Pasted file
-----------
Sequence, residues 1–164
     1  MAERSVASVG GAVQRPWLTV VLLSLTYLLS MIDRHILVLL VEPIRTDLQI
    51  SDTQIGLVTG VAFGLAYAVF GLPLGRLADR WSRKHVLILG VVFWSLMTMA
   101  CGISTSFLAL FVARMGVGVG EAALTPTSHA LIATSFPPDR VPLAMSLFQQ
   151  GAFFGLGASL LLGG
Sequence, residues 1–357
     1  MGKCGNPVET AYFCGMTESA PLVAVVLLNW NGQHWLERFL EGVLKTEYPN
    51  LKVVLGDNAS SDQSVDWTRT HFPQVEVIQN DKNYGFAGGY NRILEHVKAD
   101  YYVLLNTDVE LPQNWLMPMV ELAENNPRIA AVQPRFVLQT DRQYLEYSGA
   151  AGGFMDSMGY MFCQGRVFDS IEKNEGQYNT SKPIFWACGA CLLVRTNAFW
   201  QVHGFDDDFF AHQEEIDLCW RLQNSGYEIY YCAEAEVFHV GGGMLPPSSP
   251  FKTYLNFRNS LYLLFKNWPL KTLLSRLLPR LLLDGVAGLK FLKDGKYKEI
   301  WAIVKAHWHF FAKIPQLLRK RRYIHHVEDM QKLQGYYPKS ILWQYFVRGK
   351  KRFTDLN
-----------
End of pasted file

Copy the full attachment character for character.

Sequence, residues 1–164
     1  MAERSVASVG GAVQRPWLTV VLLSLTYLLS MIDRHILVLL VEPIRTDLQI
    51  SDTQIGLVTG VAFGLAYAVF GLPLGRLADR WSRKHVLILG VVFWSLMTMA
   101  CGISTSFLAL FVARMGVGVG EAALTPTSHA LIATSFPPDR VPLAMSLFQQ
   151  GAFFGLGASL LLGG
Sequence, residues 1–357
     1  MGKCGNPVET AYFCGMTESA PLVAVVLLNW NGQHWLERFL EGVLKTEYPN
    51  LKVVLGDNAS SDQSVDWTRT HFPQVEVIQN DKNYGFAGGY NRILEHVKAD
   101  YYVLLNTDVE LPQNWLMPMV ELAENNPRIA AVQPRFVLQT DRQYLEYSGA
   151  AGGFMDSMGY MFCQGRVFDS IEKNEGQYNT SKPIFWACGA CLLVRTNAFW
   201  QVHGFDDDFF AHQEEIDLCW RLQNSGYEIY YCAEAEVFHV GGGMLPPSSP
   251  FKTYLNFRNS LYLLFKNWPL KTLLSRLLPR LLLDGVAGLK FLKDGKYKEI
   301  WAIVKAHWHF FAKIPQLLRK RRYIHHVEDM QKLQGYYPKS ILWQYFVRGK
   351  KRFTDLN